OPINION: With the imminent release of the next Harry Potter game, should we keep supporting J.K. Rowling’s franchise?
Gameplay footage for Hogwarts Legacy was officially unveiled in the latest PS5 State of Play, with a vague release date of holiday 2022. This is the type of game that Potterheads have been dreaming of, with impressive graphics and an open-world map that allows you to explore both Hogwarts and the surrounding fantastical area.
But thanks to the creator of the franchise, J.K. Rowling, this game has now become a sort of morality test and an interesting insight into how much you can let an artist ruin their own art.
For transparency purposes, I will open with the fact that I have never seen a Harry Potter film and never read a Harry Potter book. In fact, I don’t think I’ve ever consumed anything that Rowling has produced, which does put me in a fairly neutral position.
It also puts me on a very specific soapbox, as we’re all likely aware of Rowling’s controversial views on the transgender community. For anyone that’s somehow missed this news, author J.K. Rowling has spent a good few months using her Twitter account to promote her own views on transgender people, specifically transgender women.
We are not going to break down everything she’s ever said on the topic, and you can view Rowling’s own rambling 3700-word essay if you’re that interested, but it all boils down to the idea that she is not supportive of the transgender community, and believes cisgender women no longer feel safe in ‘women only’ spaces.
To be clear, I don’t agree with these statements, and with the trending hashtag #JKRowlingDoesntSpeakForMe, I can only assume that a lot of other women don’t agree either.
We could talk about the ongoing pushback to her statements, but the question comes down to this: are you willing to buy into something that’s strongly associated with someone with such controversial views?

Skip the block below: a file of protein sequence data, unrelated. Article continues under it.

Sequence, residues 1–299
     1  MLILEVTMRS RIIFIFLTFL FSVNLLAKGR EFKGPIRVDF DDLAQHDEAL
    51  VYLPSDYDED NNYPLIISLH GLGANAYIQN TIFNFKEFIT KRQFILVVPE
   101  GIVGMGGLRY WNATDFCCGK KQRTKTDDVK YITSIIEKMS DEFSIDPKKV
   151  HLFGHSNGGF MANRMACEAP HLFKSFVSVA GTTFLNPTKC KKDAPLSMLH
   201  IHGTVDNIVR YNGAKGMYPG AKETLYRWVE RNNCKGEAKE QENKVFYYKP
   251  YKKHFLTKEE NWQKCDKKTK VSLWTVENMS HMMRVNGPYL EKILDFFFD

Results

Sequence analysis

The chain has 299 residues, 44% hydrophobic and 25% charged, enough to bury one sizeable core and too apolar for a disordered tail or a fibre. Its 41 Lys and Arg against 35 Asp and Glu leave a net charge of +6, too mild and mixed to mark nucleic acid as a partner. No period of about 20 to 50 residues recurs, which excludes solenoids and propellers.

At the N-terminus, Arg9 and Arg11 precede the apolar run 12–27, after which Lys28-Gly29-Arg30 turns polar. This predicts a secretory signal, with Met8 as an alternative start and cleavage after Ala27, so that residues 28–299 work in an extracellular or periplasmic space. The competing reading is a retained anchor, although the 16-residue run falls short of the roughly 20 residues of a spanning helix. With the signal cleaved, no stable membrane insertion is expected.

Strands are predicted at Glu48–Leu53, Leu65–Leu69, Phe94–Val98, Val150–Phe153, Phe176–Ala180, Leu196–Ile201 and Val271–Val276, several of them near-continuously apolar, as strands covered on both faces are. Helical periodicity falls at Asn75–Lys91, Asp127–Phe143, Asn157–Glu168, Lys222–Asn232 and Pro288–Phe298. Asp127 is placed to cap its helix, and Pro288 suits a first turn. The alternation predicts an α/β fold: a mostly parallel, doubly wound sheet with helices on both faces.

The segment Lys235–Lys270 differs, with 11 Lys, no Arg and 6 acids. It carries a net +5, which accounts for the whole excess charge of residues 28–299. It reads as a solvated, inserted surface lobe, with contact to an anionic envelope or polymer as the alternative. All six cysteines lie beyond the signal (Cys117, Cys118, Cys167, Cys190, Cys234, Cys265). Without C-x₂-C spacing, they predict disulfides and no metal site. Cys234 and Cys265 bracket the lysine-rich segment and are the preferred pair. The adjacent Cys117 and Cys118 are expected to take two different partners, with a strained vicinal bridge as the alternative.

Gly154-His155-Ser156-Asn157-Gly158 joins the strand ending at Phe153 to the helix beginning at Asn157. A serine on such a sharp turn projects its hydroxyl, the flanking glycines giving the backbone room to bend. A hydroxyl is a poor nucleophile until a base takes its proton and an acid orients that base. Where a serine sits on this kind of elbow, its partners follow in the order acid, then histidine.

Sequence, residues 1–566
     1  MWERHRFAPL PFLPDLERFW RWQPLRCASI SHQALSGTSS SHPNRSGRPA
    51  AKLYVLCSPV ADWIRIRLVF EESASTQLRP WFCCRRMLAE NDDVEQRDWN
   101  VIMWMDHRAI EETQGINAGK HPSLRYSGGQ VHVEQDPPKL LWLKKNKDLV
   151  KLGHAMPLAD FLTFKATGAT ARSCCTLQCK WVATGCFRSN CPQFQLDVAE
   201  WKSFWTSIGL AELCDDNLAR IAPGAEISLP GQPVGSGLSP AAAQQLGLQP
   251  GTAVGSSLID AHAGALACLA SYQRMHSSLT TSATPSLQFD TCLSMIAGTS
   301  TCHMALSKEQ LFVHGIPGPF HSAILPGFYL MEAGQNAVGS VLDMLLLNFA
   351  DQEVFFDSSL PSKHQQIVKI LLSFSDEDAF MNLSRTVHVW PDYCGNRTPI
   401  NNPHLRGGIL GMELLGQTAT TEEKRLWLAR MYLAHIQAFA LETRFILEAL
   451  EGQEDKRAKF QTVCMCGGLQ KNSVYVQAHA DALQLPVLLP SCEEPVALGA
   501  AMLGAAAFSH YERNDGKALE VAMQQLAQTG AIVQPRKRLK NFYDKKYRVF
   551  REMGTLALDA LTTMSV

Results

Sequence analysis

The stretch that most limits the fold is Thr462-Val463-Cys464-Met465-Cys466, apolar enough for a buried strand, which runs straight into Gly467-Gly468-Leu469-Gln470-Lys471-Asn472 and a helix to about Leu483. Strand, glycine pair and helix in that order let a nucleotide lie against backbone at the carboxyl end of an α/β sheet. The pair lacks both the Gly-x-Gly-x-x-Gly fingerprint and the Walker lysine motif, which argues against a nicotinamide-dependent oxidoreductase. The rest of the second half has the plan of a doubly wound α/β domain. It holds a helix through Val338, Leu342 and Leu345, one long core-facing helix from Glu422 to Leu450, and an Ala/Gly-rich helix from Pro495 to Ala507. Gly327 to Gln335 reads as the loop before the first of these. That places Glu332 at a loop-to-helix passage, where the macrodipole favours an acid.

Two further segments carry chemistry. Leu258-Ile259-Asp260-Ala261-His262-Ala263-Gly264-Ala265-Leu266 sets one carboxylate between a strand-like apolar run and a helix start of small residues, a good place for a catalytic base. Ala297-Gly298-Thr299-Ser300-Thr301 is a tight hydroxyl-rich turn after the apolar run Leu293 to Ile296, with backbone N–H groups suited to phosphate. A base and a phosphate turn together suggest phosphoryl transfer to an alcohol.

It’s also important to note that Hogwarts Legacy itself has been developed and published by Portkey Games and Avalanche Studios, with the Hogwarts Legacy website claiming that Rowling has not been directly involved in the creation of the game.
So, are you really supporting Rowling here? Or are you supporting hundreds of game developers, artists and publishers that, we assume, don’t share the same views as the author? Does the basis of the game, rooted in Rowling’s own mythology and ideas, make it tainted by association?
I wanted to argue that it gets trickier when you consider who’s actually getting paid for this game and whether Rowling will receive any residuals off of the sales of this game and any future sequels or spin-offs. But ultimately, even if she doesn’t make a single penny, her name is so intrinsically linked with the franchise that the game’s success will still be hers, in some way.
For someone like me, who’s managed to avoid the Harry Potter franchise for their entire lives, this is obviously an easy choice. I am also a feminist, and I don’t believe that someone with so much reach should waste their time trying to invalidate the feelings of hundreds of women, and people in general.
But for anyone that loved the franchise as a child, anyone that looked up to the single mother that managed to create one of the most popular franchises in the world, this dilemma may be a little harder.
There are a couple of options, and I think it needs to be said that even if you do buy the game, you are not a bad person, and it does not mean that you necessarily agree with Rowling’s views on this specific topic. You can ignore the game and maybe donate money to a worthy trans charity, or you can buy the game to support the hundreds of people that aren’t Rowling.
Ultimately, the choice is yours, you are allowed to stand in either camp. But keep in mind that this game will come and go, and if you’re really looking for a way to help, there are dozens of organisations that deserve your attention a lot more than Harry Potter does.
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